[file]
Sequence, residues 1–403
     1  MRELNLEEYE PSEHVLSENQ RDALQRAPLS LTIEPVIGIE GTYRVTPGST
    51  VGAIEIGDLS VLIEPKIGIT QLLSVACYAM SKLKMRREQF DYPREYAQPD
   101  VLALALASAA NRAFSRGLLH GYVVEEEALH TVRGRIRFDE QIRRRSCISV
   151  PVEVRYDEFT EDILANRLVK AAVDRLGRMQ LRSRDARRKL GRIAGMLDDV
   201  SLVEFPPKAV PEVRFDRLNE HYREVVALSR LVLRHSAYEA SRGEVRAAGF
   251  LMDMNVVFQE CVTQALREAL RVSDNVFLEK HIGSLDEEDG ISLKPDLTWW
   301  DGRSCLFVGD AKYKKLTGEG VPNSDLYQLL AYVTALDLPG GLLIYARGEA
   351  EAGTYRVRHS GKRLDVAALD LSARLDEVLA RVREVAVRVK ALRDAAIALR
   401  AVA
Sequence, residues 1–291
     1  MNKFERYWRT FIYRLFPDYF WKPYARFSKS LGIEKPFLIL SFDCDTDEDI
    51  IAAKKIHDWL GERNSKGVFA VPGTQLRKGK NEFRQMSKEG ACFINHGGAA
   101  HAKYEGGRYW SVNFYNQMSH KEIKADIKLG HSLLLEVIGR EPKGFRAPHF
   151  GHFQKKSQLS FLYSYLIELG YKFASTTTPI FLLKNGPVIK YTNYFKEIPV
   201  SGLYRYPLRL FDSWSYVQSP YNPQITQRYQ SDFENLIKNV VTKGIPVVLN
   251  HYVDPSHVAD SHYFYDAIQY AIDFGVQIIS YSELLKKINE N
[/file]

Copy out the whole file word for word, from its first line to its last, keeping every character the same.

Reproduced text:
Sequence, residues 1–403
     1  MRELNLEEYE PSEHVLSENQ RDALQRAPLS LTIEPVIGIE GTYRVTPGST
    51  VGAIEIGDLS VLIEPKIGIT QLLSVACYAM SKLKMRREQF DYPREYAQPD
   101  VLALALASAA NRAFSRGLLH GYVVEEEALH TVRGRIRFDE QIRRRSCISV
   151  PVEVRYDEFT EDILANRLVK AAVDRLGRMQ LRSRDARRKL GRIAGMLDDV
   201  SLVEFPPKAV PEVRFDRLNE HYREVVALSR LVLRHSAYEA SRGEVRAAGF
   251  LMDMNVVFQE CVTQALREAL RVSDNVFLEK HIGSLDEEDG ISLKPDLTWW
   301  DGRSCLFVGD AKYKKLTGEG VPNSDLYQLL AYVTALDLPG GLLIYARGEA
   351  EAGTYRVRHS GKRLDVAALD LSARLDEVLA RVREVAVRVK ALRDAAIALR
   401  AVA
Sequence, residues 1–291
     1  MNKFERYWRT FIYRLFPDYF WKPYARFSKS LGIEKPFLIL SFDCDTDEDI
    51  IAAKKIHDWL GERNSKGVFA VPGTQLRKGK NEFRQMSKEG ACFINHGGAA
   101  HAKYEGGRYW SVNFYNQMSH KEIKADIKLG HSLLLEVIGR EPKGFRAPHF
   151  GHFQKKSQLS FLYSYLIELG YKFASTTTPI FLLKNGPVIK YTNYFKEIPV
   201  SGLYRYPLRL FDSWSYVQSP YNPQITQRYQ SDFENLIKNV VTKGIPVVLN
   251  HYVDPSHVAD SHYFYDAIQY AIDFGVQIIS YSELLKKINE N